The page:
Time has flown. My lack of blog has been due to intense work-related activity punctuated by occasional (work-related) despair, and the distractions afforded by the ethical shortcomings of one of the more prolific authors in the journal I edit. Today, on the other hand, was spent considering more mundane matters, such as the quality of nextdoor’s lawn, which resembles Wimbledon’s grass tennis courts before the playing season has had the chance to ruin the neat and luscious stripes. My own lawn is, in parts, satisfyingly luscious, green, and soft underfoot. The challenge is to fight conventional wisdom, and to allow the moss to spread to the rest of the lawn. What I can’t quite grasp is why we genetically engineer grass seed that will grow well in the shade, when I believe we should instead be engineering moss to grow well in full sunlight. My lawn would be a better place for that. I can dream...

Hits to this blog have returned to normal after the highs of late August and early September. Harvard Magazine will soon be running a piece that again quotes from me (and this blog), so I shall be curious to see whether hits go up again. It is strangely addictive, monitoring who comes here and when. (Ok, so it is not as addictive as my pond, or even my moss... perhaps because I can’t actually find out who comes here - I can only find out where from, with what browser, on what operating system, etc.). Interestingly, and depending on which kind of publication referred to my use of the F-word, the operating systems from whence came the masses changed quite considerably. The New York Times sent 453 visitors on August 28th. 55% of these were from Apple machines (Macs, iPhones, iPads, etc). Only 40% came from Windows. But Slate Magazine sent 949 visitors on September 7th, with 70% coming from Windows, and only 27% coming from Apple. Does this reflect different readerships? Are NYT readers more Apple-oriented? Or was it simply that the 28th fell on a Saturday and the 7th on a Tuesday, with Macs primarily reserved for weekend use? I suspect it is none of these: It is surely no coincidence that 55% of 454 visitors (August 28th: NYT) is almost exactly the same as 27% of 949 visitors (September 7th: Slate); evidently, it was the same number of Apple enthusiasts on both days, with the only difference being that Windows users came late to the party. Finger on the pulse... that’s Apple folk for you.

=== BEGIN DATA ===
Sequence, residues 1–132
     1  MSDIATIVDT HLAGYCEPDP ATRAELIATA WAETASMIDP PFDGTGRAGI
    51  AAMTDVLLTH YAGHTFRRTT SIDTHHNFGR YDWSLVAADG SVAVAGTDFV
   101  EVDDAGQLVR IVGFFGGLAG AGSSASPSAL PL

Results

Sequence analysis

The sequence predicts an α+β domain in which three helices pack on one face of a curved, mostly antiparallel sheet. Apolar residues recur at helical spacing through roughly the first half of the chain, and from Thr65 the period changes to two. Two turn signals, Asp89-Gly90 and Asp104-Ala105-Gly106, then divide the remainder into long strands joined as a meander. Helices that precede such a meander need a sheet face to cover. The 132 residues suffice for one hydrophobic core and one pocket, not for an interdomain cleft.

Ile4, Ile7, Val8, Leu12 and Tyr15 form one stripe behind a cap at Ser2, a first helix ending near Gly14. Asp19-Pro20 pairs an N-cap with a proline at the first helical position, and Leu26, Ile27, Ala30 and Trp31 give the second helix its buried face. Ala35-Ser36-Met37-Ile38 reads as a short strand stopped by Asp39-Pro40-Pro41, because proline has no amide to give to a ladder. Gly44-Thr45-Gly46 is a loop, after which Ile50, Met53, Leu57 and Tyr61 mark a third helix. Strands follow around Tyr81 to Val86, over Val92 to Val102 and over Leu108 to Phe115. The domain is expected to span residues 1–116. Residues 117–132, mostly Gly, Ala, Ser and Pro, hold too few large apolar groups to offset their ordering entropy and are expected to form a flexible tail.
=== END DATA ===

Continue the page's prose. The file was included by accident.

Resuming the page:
For those that worry about my archaic use of the word “whence”: I can categorically assure you that this has been the first time I have ever used that word. It will be my last. My profound apologies.